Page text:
With $87 million in assets and 13,000 members, Pittsburgh Teachers Credit Union will officially become ‘Riverset,’ effective January 2, 2008.
President and CEO Christine Chojnicki said the credit union’s name was being amended to Riverset in an effort to broaden the organization’s appeal to groups other than teachers. Chojnicki said the name change will make the credit union “more inclusive” of all its members, as well as members or employees of some 60 companies and organizations representing health care, retail, hotel and public sector employees.
She said the credit union isn’t moving toward a community charter or away from its core members, even thought it will be open to anyone who lives on Pittsburgh’s South Side, where the credit union is based.
Chojnicki is quoted as saying, “Our members have been very receptive to the change.”
Michael Wishnow, senior vice president of communications for the Pennsylvania Credit Union Association, said there’s a trend among credit unions to move toward community charters and away from select employee groups, or SEGs.
“When you look at how credit unions grew up, it was usually around a single, large employer,” Wishnow said. “But there are fewer and fewer large employers.”
A preliminary site is up at riverset.com, including this link to a PDF brochure from the credit union about the name change. In the brochure, the credit union says its management and directors selected the name.
- The word ‘river’ was chosen to mirror Pittsburgh – a city known for its three rivers, forward progression, and stability. The word ‘river’ is also a reflection of the dynamic nature that the credit union wishes to demonstrate in the future.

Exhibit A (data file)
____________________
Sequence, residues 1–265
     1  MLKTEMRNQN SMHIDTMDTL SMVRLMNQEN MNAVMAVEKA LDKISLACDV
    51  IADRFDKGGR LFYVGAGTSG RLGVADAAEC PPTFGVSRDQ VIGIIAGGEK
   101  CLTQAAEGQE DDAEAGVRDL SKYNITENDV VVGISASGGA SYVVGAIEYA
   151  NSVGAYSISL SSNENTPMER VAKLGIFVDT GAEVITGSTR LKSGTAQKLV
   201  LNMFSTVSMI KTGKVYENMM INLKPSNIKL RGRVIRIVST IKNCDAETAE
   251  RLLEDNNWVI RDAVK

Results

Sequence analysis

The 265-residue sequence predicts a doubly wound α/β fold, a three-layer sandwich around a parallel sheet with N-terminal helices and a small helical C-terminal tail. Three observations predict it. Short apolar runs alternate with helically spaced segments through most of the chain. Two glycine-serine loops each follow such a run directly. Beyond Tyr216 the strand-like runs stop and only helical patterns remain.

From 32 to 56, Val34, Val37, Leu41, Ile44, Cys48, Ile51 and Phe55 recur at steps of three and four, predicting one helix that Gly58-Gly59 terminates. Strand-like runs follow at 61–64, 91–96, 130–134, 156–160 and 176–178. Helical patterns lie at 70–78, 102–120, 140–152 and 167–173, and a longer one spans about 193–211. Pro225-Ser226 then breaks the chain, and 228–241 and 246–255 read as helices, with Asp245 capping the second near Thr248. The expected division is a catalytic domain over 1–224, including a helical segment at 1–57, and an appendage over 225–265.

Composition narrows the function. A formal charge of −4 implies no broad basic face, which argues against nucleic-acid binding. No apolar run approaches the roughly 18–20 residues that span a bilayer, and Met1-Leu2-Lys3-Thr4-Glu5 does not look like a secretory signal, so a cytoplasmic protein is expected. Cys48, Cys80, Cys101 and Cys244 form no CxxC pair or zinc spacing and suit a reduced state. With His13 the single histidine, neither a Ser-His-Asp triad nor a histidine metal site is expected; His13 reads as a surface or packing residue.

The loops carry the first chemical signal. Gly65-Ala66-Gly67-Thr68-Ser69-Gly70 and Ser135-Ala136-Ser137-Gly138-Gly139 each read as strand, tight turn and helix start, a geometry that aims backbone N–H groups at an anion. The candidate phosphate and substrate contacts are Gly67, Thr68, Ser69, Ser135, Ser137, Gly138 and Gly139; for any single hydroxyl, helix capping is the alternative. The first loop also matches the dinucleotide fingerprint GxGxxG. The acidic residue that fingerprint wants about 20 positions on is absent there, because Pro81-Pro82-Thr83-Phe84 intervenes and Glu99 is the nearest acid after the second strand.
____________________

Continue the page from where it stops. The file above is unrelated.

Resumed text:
- The word ‘set’ was selected as a contrast to the word river. It exemplifies the fact that this credit union is a firm, well-established financial institution with deep ties to the community.
The brochure says the name and logo aren’t all that’s changing: “Along with the name change to riverset credit union, the look of our brand will change. The new branding employs a natural color scheme coupled with informal font styles representative of our more environmentally friendly brand.”
The accompanying logo was “carefully designed for its close alignment to our region,” Riverset says. “It has an open, modern and organic feel and is a visual representation of the many qualities encompassed by our new name.”
The credit union likely had to buy riverset.com from someone who had been using the domain for a photography site featuring Wisconsin rivers and sunsets (source: archive.org) since 2001. The riverset.com domain name was originally created in 1999, more than eight years before the credit union purchased riverset.org and riverset.net (both created June 12, 2007). Neither rivernet.org nor riverset.net were forwarding to the riverset.com website.
The credit union filed for a fairly broad level of USPTO trademark protection on September 25, 2007, under the following classifications:
- IC 035. US 100 101 102. G & S: tax preparation, marketing services, resale of marketing services produced in concert with another company, E-commerce, food services, food sales, retail clothing, real estate advertising services
- IC 036. US 100 101 102. G & S: banking service, credit union, financial planning, check cashing, mortgage processing, EDP processing, shared branching, insurance services, investment services, auto buying, auto leasing, indirect auto lending, automotive services, indirect general lending, credit cards, trust services, item processing, business lending, title insurance, peer to peer lending, real estate acquisition services, real estate agencies, real estate brokerage, real estate consultation, real estate escrow services, real estate investment, real estate management, real estate management consultation, real estate procurement for others
- IC 039. US 100 105. G & S: travel
- IC 042. US 100 101. G & S: technology services, information security services, real estate closing services
IC Class 36 is the traditional USPTO classification for banking services. It is unclear whether using this many terms provides a greater level of trademark protection, or if it exposes the trademark to more challenges from “Riversomethings” in other classifications.
The good news is, there are very few Google results for “Riverset,” with Google returning only 3,000 results for the word, mostly for apartments. Compare that to almost 700,000 results for “riverview.”
There are only two other results in the entire USPTO database, both of which are “dead.”